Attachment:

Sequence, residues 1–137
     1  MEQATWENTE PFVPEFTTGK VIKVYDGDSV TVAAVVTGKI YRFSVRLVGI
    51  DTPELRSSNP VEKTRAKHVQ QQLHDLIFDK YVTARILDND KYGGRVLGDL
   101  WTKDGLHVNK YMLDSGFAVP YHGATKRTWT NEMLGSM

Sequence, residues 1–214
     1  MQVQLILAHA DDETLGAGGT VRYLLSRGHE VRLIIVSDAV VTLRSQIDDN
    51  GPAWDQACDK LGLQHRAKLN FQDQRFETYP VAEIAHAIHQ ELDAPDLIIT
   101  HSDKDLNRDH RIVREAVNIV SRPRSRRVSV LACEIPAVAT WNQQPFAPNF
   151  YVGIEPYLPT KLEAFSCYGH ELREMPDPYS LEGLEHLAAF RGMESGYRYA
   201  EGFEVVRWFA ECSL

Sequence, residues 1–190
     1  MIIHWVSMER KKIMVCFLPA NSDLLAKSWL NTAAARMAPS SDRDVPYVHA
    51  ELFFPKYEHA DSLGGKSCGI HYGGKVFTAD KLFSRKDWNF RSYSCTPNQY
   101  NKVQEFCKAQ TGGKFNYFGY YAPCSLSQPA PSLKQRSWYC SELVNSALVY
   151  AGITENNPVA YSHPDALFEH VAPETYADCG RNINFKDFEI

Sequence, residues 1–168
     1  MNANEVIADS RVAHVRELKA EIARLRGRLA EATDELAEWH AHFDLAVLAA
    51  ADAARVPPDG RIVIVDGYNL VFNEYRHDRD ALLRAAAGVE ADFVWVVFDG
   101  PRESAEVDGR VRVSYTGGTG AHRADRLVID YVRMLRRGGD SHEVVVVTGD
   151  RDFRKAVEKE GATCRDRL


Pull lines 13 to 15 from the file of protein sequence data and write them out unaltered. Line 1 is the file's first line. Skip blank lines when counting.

    51  ELFFPKYEHA DSLGGKSCGI HYGGKVFTAD KLFSRKDWNF RSYSCTPNQY
   101  NKVQEFCKAQ TGGKFNYFGY YAPCSLSQPA PSLKQRSWYC SELVNSALVY
   151  AGITENNPVA YSHPDALFEH VAPETYADCG RNINFKDFEI